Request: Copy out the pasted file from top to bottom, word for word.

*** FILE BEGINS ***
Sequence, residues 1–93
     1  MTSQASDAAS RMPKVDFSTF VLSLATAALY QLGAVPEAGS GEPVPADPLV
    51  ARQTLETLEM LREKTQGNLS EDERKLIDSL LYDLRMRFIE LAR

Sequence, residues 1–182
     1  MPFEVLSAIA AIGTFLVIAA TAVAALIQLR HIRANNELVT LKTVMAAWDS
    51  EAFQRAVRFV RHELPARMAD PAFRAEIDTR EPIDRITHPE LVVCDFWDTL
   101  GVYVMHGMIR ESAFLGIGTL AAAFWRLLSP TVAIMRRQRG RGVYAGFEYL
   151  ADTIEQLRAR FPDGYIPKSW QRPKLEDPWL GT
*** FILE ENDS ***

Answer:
Sequence, residues 1–93
     1  MTSQASDAAS RMPKVDFSTF VLSLATAALY QLGAVPEAGS GEPVPADPLV
    51  ARQTLETLEM LREKTQGNLS EDERKLIDSL LYDLRMRFIE LAR

Sequence, residues 1–182
     1  MPFEVLSAIA AIGTFLVIAA TAVAALIQLR HIRANNELVT LKTVMAAWDS
    51  EAFQRAVRFV RHELPARMAD PAFRAEIDTR EPIDRITHPE LVVCDFWDTL
   101  GVYVMHGMIR ESAFLGIGTL AAAFWRLLSP TVAIMRRQRG RGVYAGFEYL
   151  ADTIEQLRAR FPDGYIPKSW QRPKLEDPWL GT